Carbon From Tobacco Can Be Biofuel
Wed, 06/06/2012 - 4:11am
The objective of a Univ. of California and Lawrence Berkeley National Laboratory project is to use light to convert carbon in tobacco leaves into biofuels. Researchers chose use tobacco for this experiment for several reasons; one is that it's a high biomass plant so it makes a lot of mass. So if one wants to extract oil then the more leaf biomass one has the better.
Unfortunately plants don't use light energy that efficiently. Just like on highways, there are certain areas that traffic gets congested and it doesn't move very well. Plants networks are the same way. So if researchers are trying to make an oil, and there are many different steps, sometimes at a particular step it gets clogged up. Researchers need to know which one of those steps gets clogged up so they can figure out how to funnel carbon through that pathway more efficiently.
In the university’s strategy they'll do that more directly by simply moving the carbon directly into oils by using processes that already occur in certain algae and cyanobacteria.
“We want to produce biofuels directly in the leaves. So we want to harvest the leaves and extract the biofuel molecules out of there and use them as drop-in fuels,” says Christer Jansson. “We need to find out what additional steps we need to take to optimize production on these high carbon fuels.”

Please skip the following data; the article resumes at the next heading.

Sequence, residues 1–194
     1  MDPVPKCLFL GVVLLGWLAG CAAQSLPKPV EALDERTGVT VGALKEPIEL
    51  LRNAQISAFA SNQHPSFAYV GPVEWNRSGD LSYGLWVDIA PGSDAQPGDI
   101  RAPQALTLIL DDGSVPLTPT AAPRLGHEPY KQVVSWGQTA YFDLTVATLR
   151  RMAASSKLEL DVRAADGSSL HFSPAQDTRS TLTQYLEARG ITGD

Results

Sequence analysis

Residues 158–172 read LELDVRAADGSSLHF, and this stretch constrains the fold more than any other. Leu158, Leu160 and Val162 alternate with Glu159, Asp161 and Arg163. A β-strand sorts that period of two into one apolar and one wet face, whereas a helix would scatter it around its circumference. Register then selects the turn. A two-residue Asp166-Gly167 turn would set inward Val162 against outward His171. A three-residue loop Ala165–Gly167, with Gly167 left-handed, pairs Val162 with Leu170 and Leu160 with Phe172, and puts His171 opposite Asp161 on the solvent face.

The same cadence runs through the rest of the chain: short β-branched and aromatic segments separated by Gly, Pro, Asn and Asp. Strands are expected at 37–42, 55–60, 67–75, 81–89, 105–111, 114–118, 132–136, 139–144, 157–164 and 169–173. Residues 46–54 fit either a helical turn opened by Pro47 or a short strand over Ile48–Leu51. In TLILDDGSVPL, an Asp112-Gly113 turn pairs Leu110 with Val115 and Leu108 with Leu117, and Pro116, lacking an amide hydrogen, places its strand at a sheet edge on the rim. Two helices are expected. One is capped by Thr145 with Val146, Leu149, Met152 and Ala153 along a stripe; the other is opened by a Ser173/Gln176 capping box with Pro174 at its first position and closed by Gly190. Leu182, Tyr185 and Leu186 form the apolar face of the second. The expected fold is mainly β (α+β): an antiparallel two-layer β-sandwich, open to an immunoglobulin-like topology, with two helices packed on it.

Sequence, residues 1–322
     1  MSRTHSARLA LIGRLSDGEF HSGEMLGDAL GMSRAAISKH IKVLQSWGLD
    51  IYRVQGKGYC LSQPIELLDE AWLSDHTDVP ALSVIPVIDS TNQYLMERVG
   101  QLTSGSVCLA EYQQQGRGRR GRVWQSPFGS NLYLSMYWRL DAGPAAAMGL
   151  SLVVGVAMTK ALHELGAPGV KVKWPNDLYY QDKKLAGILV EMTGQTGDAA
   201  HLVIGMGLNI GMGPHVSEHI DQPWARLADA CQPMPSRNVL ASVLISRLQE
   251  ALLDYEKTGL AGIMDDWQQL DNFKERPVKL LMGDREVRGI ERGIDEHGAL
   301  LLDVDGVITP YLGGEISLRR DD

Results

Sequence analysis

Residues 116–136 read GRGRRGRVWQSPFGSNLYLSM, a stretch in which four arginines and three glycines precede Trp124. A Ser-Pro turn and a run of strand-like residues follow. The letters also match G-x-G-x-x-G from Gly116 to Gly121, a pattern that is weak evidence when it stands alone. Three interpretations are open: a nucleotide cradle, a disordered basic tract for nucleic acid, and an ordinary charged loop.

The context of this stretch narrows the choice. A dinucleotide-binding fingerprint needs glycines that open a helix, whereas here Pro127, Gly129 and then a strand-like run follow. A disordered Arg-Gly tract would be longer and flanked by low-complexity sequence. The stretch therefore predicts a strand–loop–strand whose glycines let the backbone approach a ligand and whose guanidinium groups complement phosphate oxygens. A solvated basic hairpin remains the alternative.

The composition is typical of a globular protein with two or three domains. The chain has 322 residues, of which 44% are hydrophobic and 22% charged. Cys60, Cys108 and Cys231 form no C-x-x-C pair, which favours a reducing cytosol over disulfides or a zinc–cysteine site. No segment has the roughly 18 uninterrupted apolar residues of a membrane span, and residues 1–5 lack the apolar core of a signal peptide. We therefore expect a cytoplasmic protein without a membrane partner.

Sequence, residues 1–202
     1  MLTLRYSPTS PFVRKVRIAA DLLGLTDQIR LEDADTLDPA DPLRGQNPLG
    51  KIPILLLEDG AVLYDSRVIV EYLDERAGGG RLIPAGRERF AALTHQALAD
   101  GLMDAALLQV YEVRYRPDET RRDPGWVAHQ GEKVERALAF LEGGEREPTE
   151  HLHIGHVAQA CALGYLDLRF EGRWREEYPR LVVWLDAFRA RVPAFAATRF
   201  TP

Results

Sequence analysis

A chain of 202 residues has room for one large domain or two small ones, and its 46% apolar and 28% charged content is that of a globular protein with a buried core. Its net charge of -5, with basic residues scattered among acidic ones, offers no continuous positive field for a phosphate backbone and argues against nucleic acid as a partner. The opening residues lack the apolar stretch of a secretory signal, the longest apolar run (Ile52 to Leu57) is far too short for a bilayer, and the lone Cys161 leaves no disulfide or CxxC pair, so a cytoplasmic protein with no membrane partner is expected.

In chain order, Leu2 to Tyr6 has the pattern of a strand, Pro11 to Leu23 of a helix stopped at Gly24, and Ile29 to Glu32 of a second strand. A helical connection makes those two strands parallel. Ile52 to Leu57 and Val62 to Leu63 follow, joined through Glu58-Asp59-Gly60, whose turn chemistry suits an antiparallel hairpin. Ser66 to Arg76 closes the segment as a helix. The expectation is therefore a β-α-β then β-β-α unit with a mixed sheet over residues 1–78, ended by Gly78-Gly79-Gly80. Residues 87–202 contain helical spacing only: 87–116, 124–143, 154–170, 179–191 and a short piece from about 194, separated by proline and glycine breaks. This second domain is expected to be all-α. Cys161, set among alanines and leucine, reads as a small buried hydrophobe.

Optimizing the process could lead to a wider production of biofuel. Jansson points that that there could be economic benefits, “Once we have a plant and a production yield that promises commercial levels within the near future, I think we will be able to attract the interest of the big tobacco companies. Growing tobacco for cigarette consumption is a dwindling industry and we believe that converting tobacco into a bioenergy crop will also generate a new market for tobacco farmers.”
Source: Univ. of California